Group suggests charter change Land-use referendum would require more voter signatures

January 23, 1996|By Dan Morse | Dan Morse,SUN STAFF

The Howard County Charter Review Commission wants to increase the number of voter signatures required to challenge county land-use decisions in referendums -- a move that slow-growth proponents say would damage a measure passed by voters in the last election.

The commission also is recommending that the county limit the types of land-use cases that could be challenged by referendum, according to a draft report presented to the County Council yesterday.

Susan B. Gray, one of the leading slow-growth advocates, said yesterday that the recommendations would dilute the impact of Question B, a measure passed in the fall 1994 election.

Question B was intended to give voters the right to challenge county land-use decisions made by the zoning board. It was opposed by much of the county's power structure, elected and otherwise.

"It appears to me that this is an attempt to get rid of whatever was left of the right for people to challenge these decisions," said Ms. Gray, who in the same election failed in a bid for the county executive's office.

"There's a strong interest among some members of the [commission] of making sure the people of Howard County don't have their say," she said.

Another slow-growth advocate, Peter Oswald of Fulton, alleged yesterday that the charter commission has been influenced by local developers strongly opposed to Question B.

But Thomas Meachum, a Columbia attorney and chairman of the commission, denied that charge, saying the group acted methodically in examining the charter -- or constitution -- for improvements.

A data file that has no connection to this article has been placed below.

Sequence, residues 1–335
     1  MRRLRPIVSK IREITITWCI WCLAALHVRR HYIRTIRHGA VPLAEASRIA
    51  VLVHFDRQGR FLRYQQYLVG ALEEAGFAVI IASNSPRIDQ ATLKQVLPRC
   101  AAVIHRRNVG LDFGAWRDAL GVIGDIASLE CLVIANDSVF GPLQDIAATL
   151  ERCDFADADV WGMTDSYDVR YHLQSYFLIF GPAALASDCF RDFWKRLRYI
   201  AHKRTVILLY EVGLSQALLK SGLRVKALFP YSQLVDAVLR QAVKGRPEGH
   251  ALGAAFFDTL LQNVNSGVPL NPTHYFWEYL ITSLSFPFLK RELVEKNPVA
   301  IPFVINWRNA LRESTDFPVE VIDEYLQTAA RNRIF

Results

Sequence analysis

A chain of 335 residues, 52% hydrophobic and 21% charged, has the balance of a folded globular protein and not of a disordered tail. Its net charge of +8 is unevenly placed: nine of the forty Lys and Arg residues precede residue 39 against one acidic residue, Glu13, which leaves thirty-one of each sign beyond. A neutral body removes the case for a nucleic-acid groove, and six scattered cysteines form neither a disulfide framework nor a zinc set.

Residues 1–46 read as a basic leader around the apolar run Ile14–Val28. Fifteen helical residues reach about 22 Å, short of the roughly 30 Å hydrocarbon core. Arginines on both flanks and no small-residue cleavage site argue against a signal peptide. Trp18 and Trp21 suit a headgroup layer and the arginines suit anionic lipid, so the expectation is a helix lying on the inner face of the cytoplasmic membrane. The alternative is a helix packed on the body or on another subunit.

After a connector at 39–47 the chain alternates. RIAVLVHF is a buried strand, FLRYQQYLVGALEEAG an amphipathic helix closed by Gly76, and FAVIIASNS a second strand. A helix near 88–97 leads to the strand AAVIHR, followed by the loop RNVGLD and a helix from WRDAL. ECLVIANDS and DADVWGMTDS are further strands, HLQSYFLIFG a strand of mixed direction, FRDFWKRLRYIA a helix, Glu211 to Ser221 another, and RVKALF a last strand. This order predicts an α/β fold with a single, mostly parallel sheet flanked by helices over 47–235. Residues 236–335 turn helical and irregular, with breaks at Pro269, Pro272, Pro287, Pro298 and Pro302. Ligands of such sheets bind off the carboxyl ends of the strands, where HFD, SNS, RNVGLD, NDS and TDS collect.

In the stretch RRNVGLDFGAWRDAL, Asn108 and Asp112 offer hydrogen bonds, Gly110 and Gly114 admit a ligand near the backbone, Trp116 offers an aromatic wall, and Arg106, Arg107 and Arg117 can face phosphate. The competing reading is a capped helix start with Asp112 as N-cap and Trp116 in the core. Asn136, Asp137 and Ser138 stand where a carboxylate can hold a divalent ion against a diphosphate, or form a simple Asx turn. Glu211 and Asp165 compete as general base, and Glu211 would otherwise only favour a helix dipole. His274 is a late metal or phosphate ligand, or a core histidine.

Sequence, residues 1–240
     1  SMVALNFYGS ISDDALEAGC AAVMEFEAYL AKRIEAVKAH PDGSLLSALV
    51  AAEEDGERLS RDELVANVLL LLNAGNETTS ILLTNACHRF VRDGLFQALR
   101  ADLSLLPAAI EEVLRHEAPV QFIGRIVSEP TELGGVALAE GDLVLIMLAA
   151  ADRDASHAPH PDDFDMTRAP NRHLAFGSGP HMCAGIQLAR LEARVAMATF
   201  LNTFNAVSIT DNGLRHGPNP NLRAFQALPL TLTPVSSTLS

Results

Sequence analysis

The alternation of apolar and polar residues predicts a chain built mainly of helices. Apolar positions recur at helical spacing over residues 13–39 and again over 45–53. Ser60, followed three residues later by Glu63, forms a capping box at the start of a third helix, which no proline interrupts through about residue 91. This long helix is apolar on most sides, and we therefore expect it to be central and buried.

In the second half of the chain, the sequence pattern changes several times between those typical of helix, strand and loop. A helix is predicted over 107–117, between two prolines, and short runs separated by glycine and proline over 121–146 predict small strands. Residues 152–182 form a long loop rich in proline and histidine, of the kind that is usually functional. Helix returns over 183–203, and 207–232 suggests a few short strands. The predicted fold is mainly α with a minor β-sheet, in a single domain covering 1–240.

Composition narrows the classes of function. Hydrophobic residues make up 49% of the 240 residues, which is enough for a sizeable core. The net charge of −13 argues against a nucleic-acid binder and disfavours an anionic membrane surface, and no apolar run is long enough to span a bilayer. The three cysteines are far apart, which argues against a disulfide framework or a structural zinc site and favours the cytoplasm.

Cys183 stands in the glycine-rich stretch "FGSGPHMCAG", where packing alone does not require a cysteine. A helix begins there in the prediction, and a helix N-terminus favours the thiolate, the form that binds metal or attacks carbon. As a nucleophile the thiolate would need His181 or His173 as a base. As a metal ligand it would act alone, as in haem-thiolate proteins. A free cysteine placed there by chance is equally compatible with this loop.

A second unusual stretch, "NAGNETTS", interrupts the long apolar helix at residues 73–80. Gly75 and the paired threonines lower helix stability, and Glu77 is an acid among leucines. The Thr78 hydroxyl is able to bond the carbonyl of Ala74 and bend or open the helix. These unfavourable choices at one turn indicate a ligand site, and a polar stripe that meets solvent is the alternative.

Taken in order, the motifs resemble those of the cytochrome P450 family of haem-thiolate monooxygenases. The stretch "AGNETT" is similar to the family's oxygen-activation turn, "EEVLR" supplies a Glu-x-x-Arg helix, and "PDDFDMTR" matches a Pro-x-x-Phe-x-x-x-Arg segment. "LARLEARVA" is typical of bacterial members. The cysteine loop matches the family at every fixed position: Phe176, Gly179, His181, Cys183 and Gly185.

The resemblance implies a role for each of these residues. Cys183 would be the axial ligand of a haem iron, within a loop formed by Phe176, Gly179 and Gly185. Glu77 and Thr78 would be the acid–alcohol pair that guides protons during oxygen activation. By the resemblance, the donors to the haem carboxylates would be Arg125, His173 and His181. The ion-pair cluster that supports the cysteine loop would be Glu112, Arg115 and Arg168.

Petitioners now need to collect 5,000 signatures to bring land-use decisions to a vote.

The commission is recommending that citizens be required to collect signatures from at least 5 percent of the county's registered voters -- or about 5,750 people -- to place a referendum on the ballot. That requirement would increase with the county's growth.

"There should be a certain level of interest," Mr. Meachum said, in explaining the proposed change.

The other recommended change that would alter Question B's impact -- limiting instances in which Question B could apply -- mirrors a bill passed last year by the County Council. The council excluded certain zoning matters, such as new town zoning for Columbia or special zoning uses that allow businesses in rural areas.

"The County Council gutted it," Ms. Gray said.

The commission has scheduled a public hearing on its draft report Feb. 15. Then the County Council will decide whether to submit the proposed charter changes to a countywide vote.

The charter review group also is recommending a change that would allow politicians to receive "nominal gifts" from those doing business with the county -- a move also drawing criticism.

It is illegal for a government official to receive a "service or thing of value" from someone doing business with the county. The change would insert the language: "service or thing of more than nominal value."

For example, that would allow politicians to receive a cup of coffee, said Mr. Meachum and County Councilman Charles C. Feaga. "Nominal" would not be defined but would be left up to the interpretation of the county ethics commission, Mr. Meachum said.

But nominal should be defined, said Deborah Povich, executive director of Common Cause, a government ethics watchdog group. "People will ask, 'What is nominal?' This looks like a loophole that could be exploited."

A third recommendation involves changing the "merit system" for county employees.

Laws to protect county workers would remain in the county code. But by striking the word "merit" from the charter, county officials said, they would have more flexibility in transferring workers among departments -- something County Executive Charles I. Ecker wants to be able to do as part of his plan to cut government spending by 12 percent over the next 2 1/2 years.

Dale Chase, president of a local union representing county blue-collar workers, said he is "very concerned" about the change and will examine alternatives before the Feb. 15 hearing. Mr. Chase has an ally in Mr. Meachum, who disagreed with the majority of the commission on the merit change.

"The framers of the original charter were correct," Mr. Meachum wrote in the draft.

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